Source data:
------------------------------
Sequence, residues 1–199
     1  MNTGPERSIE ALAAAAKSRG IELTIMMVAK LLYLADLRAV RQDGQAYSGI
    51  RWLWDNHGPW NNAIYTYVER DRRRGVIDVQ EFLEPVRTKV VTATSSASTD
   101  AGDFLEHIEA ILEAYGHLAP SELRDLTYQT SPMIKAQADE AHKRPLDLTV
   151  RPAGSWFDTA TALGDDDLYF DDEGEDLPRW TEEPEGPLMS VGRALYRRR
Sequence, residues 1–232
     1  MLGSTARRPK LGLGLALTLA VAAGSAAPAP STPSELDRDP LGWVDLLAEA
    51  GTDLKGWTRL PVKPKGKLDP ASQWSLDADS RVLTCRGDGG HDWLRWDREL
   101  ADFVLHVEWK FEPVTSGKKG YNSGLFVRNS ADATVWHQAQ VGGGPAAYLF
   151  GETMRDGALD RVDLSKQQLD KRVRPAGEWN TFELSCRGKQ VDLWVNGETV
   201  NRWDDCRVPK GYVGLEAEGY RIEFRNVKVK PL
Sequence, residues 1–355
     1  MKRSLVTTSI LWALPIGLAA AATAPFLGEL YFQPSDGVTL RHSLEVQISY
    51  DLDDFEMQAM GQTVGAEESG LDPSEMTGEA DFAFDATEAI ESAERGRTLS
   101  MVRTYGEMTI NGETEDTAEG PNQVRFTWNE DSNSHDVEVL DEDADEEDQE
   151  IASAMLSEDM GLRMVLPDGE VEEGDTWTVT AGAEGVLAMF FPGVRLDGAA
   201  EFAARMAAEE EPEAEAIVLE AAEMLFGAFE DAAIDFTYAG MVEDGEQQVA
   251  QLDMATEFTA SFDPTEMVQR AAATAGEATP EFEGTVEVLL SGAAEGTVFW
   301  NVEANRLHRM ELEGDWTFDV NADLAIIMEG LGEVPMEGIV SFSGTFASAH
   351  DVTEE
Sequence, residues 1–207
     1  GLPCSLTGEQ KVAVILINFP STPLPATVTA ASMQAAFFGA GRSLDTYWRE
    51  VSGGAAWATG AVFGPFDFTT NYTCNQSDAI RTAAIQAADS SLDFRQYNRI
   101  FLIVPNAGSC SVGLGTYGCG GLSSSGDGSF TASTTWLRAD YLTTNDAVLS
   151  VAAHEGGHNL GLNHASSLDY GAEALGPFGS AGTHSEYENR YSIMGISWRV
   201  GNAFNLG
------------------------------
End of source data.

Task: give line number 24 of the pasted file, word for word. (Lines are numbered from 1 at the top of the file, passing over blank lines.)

   101  FLIVPNAGSC SVGLGTYGCG GLSSSGDGSF TASTTWLRAD YLTTNDAVLS